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A SECOND LOOK

Life as it's seen without filters

Frederick Wiseman, an unusually direct documentarian, shows others the way.

August 03, 2008|Dennis Lim | Special to The Times
  • OPENING CHORD: ?Titicut Follies? (1967) documented neglect and abuse at a correctional facility for the criminally insane. It was Wiseman?s first film and the focus of a legal battle.
OPENING CHORD: ?Titicut Follies? (1967) documented neglect and abuse… (Bridgewater Film Co. )

A PEERLESS, tireless chronicler of the inner workings and secret lives of American institutions, Frederick Wiseman has long been one of the most respected documentarians in the world. He is also one of our most resourceful independent auteurs.

Eschewing private investment, Wiseman has long pieced together financing through grants and public television funds. After an early falling-out with a distributor, he assumed control of the circulation of his work through his own company, Zipporah. Given how hard it has been to see many of his documentaries outside PBS airings, it was a landmark event for cinephiles when Wiseman, late last year, announced the release of his back catalog on DVD.

Thirty of his 36 films (including all titles mentioned below) are available at zipporah .com, with the rest to follow in coming months.

Wiseman, a lawyer and law professor before he turned to documentaries, made his first film, "Titicut Follies," in 1967, and found himself promptly embroiled in a legal fight. This unblinking portrait of neglect and abuse at a correctional facility for the criminally insane in Bridgewater, Mass., was banned for years by the state Supreme Court -- the initial ruling called for the destruction of all prints -- because it was found to have violated the privacy of the inmates who had not consented to being filmed.

In his ruling, the judge sounded oddly like a disgruntled reviewer, but his vexed critique of the movie hit on precisely the defining strengths of Wiseman's work: "Each viewer is left to his own devices as to just what is being portrayed and in what context," he complained, also noting that "there is no narrative accompanying the film."

Avoiding exposition, interviews and even a clearly discernible point of view, Wiseman's films belong to the documentary vanguard of the 1960s; he has been grouped with the Maysles brothers, D.A. Pennebaker and Richard Leacock as pioneering practitioners of so-called cinema verite. Wiseman, for his part, dismisses the tag as a "pompous French term." He prefers "reality fiction," a label that acknowledges the inherent contradictions of the process.

Wiseman insists on entering each project without a predetermined thesis, but he would be the first to acknowledge that the very act of filmmaking is fraught with manipulations. The shape and rhythm of the films are found and finessed in the editing room, but immersion is the key to his method. He often shoots -- on 16-millimeter film, still -- more than 100 hours of footage and does minimal preparation because, as he has said repeatedly, the shooting itself is the research.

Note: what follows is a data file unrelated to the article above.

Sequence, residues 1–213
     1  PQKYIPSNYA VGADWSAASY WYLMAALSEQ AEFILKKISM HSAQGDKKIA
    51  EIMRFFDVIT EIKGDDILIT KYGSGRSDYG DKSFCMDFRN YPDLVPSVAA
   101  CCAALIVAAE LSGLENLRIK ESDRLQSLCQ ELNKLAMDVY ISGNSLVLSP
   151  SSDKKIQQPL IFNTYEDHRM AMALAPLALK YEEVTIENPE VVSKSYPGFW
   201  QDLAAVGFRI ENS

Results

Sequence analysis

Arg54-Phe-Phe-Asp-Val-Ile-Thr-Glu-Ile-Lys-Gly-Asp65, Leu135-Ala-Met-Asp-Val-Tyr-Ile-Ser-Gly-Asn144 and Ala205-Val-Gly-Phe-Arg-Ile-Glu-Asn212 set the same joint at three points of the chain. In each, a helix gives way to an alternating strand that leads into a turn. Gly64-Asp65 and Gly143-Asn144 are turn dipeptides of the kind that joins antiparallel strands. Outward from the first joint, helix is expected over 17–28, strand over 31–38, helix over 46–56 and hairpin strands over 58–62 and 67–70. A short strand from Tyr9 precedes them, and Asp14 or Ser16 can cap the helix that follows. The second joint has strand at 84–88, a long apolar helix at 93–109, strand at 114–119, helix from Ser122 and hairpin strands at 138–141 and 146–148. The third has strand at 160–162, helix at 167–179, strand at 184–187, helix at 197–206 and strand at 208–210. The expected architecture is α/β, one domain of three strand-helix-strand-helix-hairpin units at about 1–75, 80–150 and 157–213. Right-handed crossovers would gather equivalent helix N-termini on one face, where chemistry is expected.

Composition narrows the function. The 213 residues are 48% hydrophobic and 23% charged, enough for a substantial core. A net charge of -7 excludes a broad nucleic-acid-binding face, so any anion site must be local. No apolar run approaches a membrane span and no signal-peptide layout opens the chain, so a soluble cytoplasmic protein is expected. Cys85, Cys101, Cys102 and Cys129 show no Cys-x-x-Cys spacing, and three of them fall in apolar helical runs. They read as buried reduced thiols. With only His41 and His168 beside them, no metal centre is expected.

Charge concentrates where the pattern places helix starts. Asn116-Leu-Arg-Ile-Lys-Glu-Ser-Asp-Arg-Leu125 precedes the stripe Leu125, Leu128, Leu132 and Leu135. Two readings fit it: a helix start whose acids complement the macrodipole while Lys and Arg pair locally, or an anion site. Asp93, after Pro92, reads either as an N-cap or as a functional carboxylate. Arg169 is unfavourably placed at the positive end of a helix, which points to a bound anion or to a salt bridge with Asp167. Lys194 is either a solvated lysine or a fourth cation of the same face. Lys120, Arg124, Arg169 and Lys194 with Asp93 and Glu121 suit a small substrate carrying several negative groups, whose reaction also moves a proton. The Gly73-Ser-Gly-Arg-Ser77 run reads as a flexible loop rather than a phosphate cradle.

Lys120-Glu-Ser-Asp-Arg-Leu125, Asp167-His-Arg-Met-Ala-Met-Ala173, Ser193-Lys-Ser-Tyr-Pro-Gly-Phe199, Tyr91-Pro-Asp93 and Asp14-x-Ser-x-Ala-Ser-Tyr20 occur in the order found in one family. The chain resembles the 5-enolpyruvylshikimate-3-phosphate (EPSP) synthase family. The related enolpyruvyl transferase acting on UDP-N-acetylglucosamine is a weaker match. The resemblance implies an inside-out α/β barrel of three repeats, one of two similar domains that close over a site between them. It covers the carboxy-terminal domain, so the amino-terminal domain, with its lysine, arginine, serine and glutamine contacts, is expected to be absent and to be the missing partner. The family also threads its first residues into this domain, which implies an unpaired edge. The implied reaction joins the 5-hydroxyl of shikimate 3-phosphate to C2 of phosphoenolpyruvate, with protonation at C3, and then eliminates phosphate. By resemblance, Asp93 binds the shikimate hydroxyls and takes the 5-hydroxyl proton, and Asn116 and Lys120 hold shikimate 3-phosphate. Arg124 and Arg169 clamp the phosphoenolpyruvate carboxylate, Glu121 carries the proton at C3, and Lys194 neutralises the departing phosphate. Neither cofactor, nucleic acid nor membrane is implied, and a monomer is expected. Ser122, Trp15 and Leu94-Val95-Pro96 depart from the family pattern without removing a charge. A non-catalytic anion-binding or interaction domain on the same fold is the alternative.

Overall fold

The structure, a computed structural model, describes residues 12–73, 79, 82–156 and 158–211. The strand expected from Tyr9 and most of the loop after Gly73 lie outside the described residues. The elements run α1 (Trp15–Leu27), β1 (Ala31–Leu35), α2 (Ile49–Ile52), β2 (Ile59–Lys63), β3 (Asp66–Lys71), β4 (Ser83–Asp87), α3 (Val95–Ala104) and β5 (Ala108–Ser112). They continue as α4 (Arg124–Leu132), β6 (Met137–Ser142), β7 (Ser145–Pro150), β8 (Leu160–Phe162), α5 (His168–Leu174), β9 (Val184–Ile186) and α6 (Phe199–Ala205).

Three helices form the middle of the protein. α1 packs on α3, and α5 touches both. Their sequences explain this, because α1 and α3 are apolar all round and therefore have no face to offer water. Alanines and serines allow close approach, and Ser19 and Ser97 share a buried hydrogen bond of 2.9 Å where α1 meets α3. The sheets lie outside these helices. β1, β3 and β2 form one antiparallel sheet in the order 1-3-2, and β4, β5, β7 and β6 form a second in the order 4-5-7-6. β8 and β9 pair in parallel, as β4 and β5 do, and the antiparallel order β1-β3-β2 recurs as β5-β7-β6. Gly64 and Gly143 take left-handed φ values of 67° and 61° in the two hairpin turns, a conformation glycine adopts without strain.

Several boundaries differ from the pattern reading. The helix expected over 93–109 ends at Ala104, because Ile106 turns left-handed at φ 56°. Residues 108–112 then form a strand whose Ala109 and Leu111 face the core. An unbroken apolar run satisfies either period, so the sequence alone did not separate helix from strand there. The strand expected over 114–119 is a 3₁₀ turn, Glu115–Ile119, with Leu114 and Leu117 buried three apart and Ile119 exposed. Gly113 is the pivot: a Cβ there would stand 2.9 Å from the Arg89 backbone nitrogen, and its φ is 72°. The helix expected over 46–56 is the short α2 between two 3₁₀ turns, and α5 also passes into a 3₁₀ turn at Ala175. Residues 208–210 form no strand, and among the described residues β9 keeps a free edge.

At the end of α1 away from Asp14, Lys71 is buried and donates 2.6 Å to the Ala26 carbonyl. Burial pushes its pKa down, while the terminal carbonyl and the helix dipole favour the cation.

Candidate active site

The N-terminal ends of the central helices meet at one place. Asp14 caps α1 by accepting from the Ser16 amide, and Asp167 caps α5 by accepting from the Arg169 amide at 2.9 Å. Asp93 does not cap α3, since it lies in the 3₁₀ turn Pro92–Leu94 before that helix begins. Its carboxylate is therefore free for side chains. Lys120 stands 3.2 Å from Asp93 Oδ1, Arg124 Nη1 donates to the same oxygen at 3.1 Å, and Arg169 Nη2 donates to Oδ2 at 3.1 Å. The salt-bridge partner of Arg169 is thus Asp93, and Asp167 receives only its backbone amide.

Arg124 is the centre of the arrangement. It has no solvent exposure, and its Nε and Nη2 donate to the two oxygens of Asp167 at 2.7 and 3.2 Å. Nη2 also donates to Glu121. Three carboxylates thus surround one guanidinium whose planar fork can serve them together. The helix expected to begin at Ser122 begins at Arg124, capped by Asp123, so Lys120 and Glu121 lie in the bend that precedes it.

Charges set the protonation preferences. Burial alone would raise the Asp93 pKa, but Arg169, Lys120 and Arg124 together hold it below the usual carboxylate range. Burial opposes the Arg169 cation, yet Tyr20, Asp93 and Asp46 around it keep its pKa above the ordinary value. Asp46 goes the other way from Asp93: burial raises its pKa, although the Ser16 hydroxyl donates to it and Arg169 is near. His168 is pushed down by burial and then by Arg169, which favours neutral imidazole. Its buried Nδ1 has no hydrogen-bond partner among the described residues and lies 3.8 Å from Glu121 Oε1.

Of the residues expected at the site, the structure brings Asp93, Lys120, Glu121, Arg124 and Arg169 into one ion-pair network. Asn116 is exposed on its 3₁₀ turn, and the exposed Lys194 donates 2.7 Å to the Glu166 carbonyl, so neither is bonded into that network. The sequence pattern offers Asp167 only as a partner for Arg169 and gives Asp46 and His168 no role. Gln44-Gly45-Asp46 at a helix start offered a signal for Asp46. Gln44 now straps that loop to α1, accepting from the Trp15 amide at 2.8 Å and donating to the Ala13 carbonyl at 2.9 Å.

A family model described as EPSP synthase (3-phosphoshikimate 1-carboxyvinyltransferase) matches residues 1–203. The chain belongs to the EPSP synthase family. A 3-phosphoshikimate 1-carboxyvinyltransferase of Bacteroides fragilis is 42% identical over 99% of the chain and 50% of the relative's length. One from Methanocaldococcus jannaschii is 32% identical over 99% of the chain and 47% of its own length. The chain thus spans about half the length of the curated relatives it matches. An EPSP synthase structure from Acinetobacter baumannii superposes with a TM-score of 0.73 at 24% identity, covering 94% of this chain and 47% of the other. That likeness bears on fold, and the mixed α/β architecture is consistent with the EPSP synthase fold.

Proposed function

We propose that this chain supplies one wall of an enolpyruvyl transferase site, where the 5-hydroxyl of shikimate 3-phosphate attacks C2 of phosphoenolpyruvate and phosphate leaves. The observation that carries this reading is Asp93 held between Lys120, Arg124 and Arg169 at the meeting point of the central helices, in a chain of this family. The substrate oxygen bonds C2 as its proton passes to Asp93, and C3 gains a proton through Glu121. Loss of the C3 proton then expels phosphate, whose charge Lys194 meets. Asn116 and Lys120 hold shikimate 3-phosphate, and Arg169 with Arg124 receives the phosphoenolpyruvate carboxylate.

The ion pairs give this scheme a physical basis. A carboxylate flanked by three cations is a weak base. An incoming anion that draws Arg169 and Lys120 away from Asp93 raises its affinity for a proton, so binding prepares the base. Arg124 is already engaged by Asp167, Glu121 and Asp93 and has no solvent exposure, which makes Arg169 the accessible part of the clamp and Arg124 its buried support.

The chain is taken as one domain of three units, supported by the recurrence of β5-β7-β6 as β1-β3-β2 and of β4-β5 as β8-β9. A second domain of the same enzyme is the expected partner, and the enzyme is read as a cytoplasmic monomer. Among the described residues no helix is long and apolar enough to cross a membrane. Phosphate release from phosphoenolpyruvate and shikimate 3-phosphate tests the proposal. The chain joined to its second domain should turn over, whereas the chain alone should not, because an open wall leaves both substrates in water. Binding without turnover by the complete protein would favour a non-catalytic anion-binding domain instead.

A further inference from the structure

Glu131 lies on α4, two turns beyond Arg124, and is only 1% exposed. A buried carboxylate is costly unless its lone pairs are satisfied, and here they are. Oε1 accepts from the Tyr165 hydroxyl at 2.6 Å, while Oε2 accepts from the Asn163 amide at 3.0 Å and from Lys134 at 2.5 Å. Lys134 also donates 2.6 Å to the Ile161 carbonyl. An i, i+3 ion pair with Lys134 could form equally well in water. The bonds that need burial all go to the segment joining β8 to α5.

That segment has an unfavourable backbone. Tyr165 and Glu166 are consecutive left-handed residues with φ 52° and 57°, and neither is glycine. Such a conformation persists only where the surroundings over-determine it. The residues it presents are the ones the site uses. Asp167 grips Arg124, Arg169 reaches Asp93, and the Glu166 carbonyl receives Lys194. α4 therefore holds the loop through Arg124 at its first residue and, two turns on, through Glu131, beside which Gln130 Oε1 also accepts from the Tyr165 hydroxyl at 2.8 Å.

In a Wiseman film, viewers often find themselves in the same position, obliged to interpret the unfolding events in the absence of overt cues.

The range of topics and places he has covered is breathtaking: "High School" (1968), "Hospital" (1970), "Juvenile Court" (1973), "Canal Zone" (1977), "Zoo" (1993). The bluntness of his titles corresponds with the films' unadorned majesty.

However monolithic his subject, Wiseman has a way of revealing the complex bureaucratic functionings and unpredictable human interactions within.

He is best known for works with a social-justice bent -- "Titicut Follies," "Welfare" (1975), "Public Housing" (1997) -- but has shown an interest in every stratum of class, dealing with the culture of materialism in "The Store" (1983) and a resort economy in "Aspen" (1991). He served in the Army after graduation and has made a series of military-themed films, including "Basic Training" (1971) and "Missile" (1987), but also has gone behind the scenes of a dance company (1995's "Ballet") and a theater troupe (1996's "La Comedie Francaise").

Wiseman's films have been influential, and not just on other documentarians. Milos Forman screened "Titicut Follies" before shooting "One Flew Over the Cuckoo's Nest." Arthur Hiller and Paddy Chayefsky's "The Hospital" adapts sequences from "Hospital." Stanley Kubrick borrowed liberally from "Basic Training" in "Full Metal Jacket."

It's no surprise that Wiseman's great films stand as such imposing touchstones. For anyone looking to make sense of modern-day America -- its human institutions and social constructs -- no other body of work comes close.

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